This is post number four in a series of random reflections I have been amassing over the past couple of years since retiring from steady, local-church, “weekend warrior” worship ministry. These ruminations are in no particular order, and they vary in significance. I welcome discussion on any of them.
Reflection #4: Where contemporary worship is concerned, some “liturgical” churches seem to be muting elements of traditional liturgy, and some “non-liturgical” churches seem to embracing elements of traditional liturgy.
First, nomenclature. In layman’s terms, liturgy simply means “the work of the people [in worship]”; hence, as my Judson University colleague Mark Torgerson likes to point out, all churches are liturgical. But in the culture of the contemporary American church, historically “liturgical” churches tend to utilize tools such as creeds, responsive readings, corporate confessions, times of silence, and weekly observance of the Eucharist (or communion or the Lord’s Table/Supper). Historically “non-liturgical” churches tend to eschew these activities–except for communion (very rarely “the Eucharist”), which is observed monthly, quarterly, or even annually. “Liturgical” churches are often referred to via the adjective “high-church,” and “non-liturgical” churches are often referred to via the adjective “low-church.” (I’m going to abandon the quotation marks henceforth, but please understand them to be there in spirit.)
In the churches my wife and I have visited during this season of ecclesial free agency, it has been interesting to see that some liturgical churches have abandoned pretty much all vestiges of liturgy in their contemporary worship services. These churches typically have a service (usually earlier on Sunday morning and labeled its “traditional” service) in which they recite the Apostle’s Creed together, pray prayers of confession corporately, and engage in dialogical rhetoric at key moments in the service (celebrant: “The Lord be with you!”; congregation: “And also with you!”).
In one Lutheran church we have visited a few times, the contemporary service is hardly indistinguishable from what one would expect at an Assemblies of God church (minus outward manifestations of the gifts of the Spirit [1 Cor. 12: 8-10], anyway). They don’t shy away from proclaiming their standing in the Evangelical Lutheran Church of America, yet they don’t embrace the kind of liturgy in their contemporary service that has, historically, helped define Lutheranism. The absence of liturgy doesn’t seem to be a turn off for the congregants.
Contrast that with our visits to one of the many megachurches in Chicagoland, one that has, with some frequency, utilized corporate confessions and creedal recitations and, every week, following the reading of Scripture, engages in the dialogical “The Word of the Lord”/”Thanks be to God!”–usually prefaced by a brief word of explanation from the pastor. (They even used an Advent wreath and candles, classic elements of Advent liturgies, last December.) The presence of liturgy doesn’t seem to be a turn off for the congregants.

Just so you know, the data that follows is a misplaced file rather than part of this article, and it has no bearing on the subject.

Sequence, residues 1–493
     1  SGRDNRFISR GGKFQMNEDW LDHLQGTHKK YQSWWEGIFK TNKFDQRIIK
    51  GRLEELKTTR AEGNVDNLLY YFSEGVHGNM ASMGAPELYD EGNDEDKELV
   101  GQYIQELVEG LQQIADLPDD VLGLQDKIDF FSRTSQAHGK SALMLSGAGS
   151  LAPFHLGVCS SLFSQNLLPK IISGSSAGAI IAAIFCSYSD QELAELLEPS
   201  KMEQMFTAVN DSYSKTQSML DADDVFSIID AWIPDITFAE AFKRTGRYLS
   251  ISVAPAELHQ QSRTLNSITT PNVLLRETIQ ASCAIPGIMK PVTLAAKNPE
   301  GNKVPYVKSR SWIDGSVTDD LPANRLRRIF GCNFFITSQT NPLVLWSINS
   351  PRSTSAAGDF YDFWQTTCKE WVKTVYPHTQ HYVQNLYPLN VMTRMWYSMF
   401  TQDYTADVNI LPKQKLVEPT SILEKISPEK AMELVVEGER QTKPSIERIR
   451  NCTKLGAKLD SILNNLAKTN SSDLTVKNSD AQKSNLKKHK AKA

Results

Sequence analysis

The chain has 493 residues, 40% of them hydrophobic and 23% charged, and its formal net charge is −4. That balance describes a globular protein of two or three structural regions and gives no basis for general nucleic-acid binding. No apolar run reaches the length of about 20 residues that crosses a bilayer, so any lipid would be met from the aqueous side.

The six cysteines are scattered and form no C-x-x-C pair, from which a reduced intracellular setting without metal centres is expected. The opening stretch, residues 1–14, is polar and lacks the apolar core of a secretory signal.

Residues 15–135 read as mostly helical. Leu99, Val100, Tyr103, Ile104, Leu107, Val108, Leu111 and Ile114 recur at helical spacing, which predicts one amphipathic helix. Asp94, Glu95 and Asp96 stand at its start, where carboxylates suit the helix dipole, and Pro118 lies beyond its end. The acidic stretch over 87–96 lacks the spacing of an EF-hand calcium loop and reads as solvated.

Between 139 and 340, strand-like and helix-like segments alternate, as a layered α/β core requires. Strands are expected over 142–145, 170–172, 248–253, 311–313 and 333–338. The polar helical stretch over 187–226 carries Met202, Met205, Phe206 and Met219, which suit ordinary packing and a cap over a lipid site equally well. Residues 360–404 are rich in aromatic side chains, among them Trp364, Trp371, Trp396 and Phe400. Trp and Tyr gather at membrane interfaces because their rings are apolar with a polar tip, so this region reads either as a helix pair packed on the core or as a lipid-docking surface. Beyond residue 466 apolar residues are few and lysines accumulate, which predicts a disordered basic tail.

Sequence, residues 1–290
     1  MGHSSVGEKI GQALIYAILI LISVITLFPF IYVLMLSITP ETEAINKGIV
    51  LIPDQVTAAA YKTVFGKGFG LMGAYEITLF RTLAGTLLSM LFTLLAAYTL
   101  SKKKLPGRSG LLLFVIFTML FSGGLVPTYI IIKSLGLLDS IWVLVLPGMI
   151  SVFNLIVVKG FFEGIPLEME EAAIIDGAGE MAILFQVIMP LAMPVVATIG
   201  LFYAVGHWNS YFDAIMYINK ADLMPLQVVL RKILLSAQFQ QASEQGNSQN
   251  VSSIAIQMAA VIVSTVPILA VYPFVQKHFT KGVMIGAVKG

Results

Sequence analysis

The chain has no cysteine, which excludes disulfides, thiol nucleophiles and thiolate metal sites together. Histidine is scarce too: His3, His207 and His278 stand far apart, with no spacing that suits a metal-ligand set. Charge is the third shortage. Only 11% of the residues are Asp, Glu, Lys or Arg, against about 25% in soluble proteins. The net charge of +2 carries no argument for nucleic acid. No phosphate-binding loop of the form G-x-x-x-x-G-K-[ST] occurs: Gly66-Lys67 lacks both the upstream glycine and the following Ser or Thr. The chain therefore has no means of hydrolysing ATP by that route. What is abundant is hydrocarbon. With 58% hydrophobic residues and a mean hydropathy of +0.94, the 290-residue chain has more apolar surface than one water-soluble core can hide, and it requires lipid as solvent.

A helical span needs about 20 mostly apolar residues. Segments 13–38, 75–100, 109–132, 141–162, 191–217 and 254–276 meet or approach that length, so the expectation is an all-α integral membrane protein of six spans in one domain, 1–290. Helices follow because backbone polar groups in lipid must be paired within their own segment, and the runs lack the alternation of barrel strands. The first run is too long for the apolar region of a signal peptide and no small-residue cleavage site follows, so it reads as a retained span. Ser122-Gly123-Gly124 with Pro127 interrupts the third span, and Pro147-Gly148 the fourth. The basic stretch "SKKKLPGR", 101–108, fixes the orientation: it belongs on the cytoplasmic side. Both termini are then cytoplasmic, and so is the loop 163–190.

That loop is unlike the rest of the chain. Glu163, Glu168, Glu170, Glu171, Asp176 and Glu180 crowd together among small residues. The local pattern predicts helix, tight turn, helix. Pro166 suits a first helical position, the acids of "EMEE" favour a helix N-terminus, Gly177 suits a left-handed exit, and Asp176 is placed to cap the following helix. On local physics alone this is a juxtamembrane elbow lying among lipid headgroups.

What does all this mean? Time will tell, but it does seem that historically liturgical churches that mute their liturgical practices in contemporary worship services are perhaps operating with a similar set of motivations that drove those who championed seeker-sensitivity in the 70’s and 80’s. Much good came from that movement, to be sure, but what ended up being lost, as often as not, was an understanding that Sunday-morning worship can and should be transformative for both parishioners and congregations–i.e., worship should be spiritually formative for both individuals and churches as a whole. Could it be that more churches pursuing contemporary worship will swing the pendulum back a bit to reclaim a few liturgical practices now and again? As more and more millennials and Gen Z leaders come into position of influence at churches, perhaps.
Last week my wife and I attended a gathering of members of the community of the Robert E. Webber Institute for Worship Studies (Jacksonville, Fla.), where I did my doctoral work in worship. Seated round the table were administrators, alumni, and prospective students, one of whom was a 25-year-old former worship arts student of mine at Judson University who is contemplating pursuing a master’s in worship at IWS. Among the topics of discussion was the notion, confirmed by my former student, that millennials and members of Gen Z are not turned off by liturgical practices anywhere near to the extent that many of their parents’ generation seemed to be–that, in fact, many long for something more substantive in worship, and many seem to find more substance in liturgy.
Do liturgical practices in worship, in and of themselves, form us spiritually? Many would say they do, based on the ministry of the Holy Spirit in our midst when we gather and share in the experience of proclaiming words Christians have uttered in worship for centuries. But even if, for the sake of the argument, we disagree, we can at least assert that liturgies that have stood the test of time could possibly, especially when facilitated by a trained and passionate worship leader, benefit the assembly in ways that might not be readily apparent for those who have never experienced them before. I look forward to seeing how all of this plays out in the years to come; in the meantime, if the exploration of anything above appeals to you, consider picking up a copy of Aaron Niequist’s forthcoming new book, The Eternal Current: How a Practice-Based Faith Can Save Us from Drowning.
Coming next week (Lord willing): The prevalence of two-fold worship.
The Lord be with you!